Like a football player becoming a referee, you could say that Tom Davin jumped from the frying pan into the fire when he left Nasdaq 11 years ago to head up the Financial Information Services Division (FISD) of the Software & Information Industry Association (SIIA), mediating the collaboration──and sometimes the combats──between users, exchanges and data vendors.
But Davin was born to mediate, being "a rare native" of Washington, DC, having lived and flourished in the seat of US politics since birth. After leaving Georgetown University with a degree in economics, he dove straight into the market data pool at Nasdaq, in the department that was then the NASD (National Association of Securities Dealers). His first job was in the call center, sorting out issues for people taking the Series 7 securities exam─a far cry from his college job managing a pizzeria.
When a promotion opportunity arose on the Nasdaq side of the business, Davin jumped at it, launching a nearly 30-year market data career. "Nasdaq looked a little sexier than the NASD. It was the ‘cool' and ‘dynamic' side," he says.
Davin immediately saw that market data was an important business for the exchange. Yet, while the glitzier trading and listings departments at Nasdaq got all the attention, market data was a bit of a "backwater," Davin says.
This gave him the opportunity to manage a whole business line that had a disproportionate influence in the exchange. In just a few years Tom grew the department's revenues nearly six-fold. As a result, he got exposure to senior management more quickly. "They used to call me the 40 million dollar man in 1989," he recalls. Before he left for FISD in 2004, Nasdaq's data revenues were hovering in the $230 million range.
In 1999, in the midst of growing the business, Nasdaq underwent a major sea change as it de-mutualized, going from not-for-profit status to a public company. It was to be Davin's greatest challenge at Nasdaq. "Suddenly we were publicly traded and we had shareholders. We began to fully realize the value of what we had been producing," he says.
Nasdaq's proprietary data, as opposed to what was shared in the US consolidated tape plans, was a new money-spinner. New proprietary products created under Davin's direction added almost $13 million to Nasdaq's top line in just three years. However, Davin also had to deal with the newly formed UTP (Unlisted Trading Privileges) plan, which was taking over the centralized processing of securities, and separating out Nasdaq's SIP [securities information processor]. "I went from one boss to eight bosses, most of whom were also competitors," he says.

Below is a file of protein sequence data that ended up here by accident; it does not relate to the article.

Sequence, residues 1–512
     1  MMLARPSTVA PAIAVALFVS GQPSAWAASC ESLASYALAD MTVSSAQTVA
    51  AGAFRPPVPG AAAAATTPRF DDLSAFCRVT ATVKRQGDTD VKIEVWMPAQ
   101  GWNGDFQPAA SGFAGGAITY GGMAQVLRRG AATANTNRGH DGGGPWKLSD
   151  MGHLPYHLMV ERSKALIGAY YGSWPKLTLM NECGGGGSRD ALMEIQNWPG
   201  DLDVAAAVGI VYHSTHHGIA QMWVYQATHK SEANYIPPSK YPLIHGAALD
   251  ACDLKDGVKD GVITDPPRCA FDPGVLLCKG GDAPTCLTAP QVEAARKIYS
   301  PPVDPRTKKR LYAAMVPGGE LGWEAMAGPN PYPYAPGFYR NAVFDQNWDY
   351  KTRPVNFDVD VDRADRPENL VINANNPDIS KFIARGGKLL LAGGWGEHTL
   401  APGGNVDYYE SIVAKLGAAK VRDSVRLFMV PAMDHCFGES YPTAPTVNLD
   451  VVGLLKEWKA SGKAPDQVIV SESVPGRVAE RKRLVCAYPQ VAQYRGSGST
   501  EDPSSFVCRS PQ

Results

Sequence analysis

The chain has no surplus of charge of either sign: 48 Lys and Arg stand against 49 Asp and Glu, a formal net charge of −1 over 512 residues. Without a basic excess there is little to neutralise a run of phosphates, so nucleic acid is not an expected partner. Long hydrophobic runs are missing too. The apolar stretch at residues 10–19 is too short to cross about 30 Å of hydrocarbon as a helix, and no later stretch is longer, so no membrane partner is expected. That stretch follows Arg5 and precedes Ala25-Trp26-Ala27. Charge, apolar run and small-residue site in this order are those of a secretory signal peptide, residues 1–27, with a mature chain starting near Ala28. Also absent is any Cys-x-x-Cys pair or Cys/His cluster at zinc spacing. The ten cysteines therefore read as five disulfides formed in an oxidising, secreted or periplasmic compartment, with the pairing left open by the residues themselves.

Here, no doubt, Davin honed the diplomacy skills he would require as head of FISD.
After nearly three decades at Nasdaq, Davin slid into the FISD role a month after long-time director Mike Atkin left in October 2004. Davin was no stranger to FISD, having represented Nasdaq for 12 years and been chairman of the Executive Committee for a year and half.
He was in the not-for-profit world again, this time in a neutral forum which provided a safe space for members to argue or disagree. "At the exchange I was well aware of the conflicts [in the market data world], and was even a party to some of them," he says, though his first task was to undertake a "listening tour" with members. "I did not want to assume that what Nasdaq liked was what everyone liked," he adds.
Still, the shift from Nasdaq to FISD was something of a shock; he went from having 1,500 colleagues at Nasdaq to 50 at SIIA, and from managing products and selling them to managing forums and events. "At FISD the only product was its events, and I had almost no experience."
He learned fast. Events have become FISD's forte under Davin leadership. From holding perhaps half a dozen events only in the US and London, he increased their frequency, venturing into Europe, Asia, Canada and South America. A Hong Kong event, held with Inside Market Data parent Incisive Media, became the lynchpin for events in seven more regional countries. FISD has also added women's programs, technology and index forums. In fact, the forums are still FISD's raison d'etre. "Working groups are as─if not more─important than events. They are where we sit down and hash out problems," he says.
His biggest challenge at FISD came during the merger-and-acquisition frenzy of the mid-2000s, when mergers including Thomson and Reuters and CME, CBOT and Nybot created larger member bodies that, ironically, paid lower dues. "Our prices are based on a volume discount," Davin says . "Combined revenues for the new groups were less than the original members contributed."
Davin's response was to grow the membership, and in the 10 years since joining FISD, has taken revenues from membership dues from $800,000 to more than $2 million. But the market data industry has changed dramatically over the same period, and "market data executives are no longer just procurement guys," requiring a range of different skillsets, which FISD has begun supporting, training and certifying with its Financial Information Associate certification program. In fact, the program has proved so successful that FISD plans to introduce intermediate certification levels in specific sub-areas relating to data.
His FISD colleague Nick Merritt, says Davin's exchange background gives him perspective and a "rare ability to see both the ‘big picture' as well as the details in the issues that impact our industry." Merritt also says Davin can grasp issues from other participants, be they exchanges, vendors, or end users of data. "His tireless work ethic and talent for building consensus have enhanced effectiveness and efficiencies for so many in our field," Merritt says.
Bryan Harkins joins to discuss how the CBOE-Bats integration is going and plans for the exchange operator going forward. Anthony and James talk about the SEC hack and Esma's potential new powers.Subscribe to Weekly Wrap emails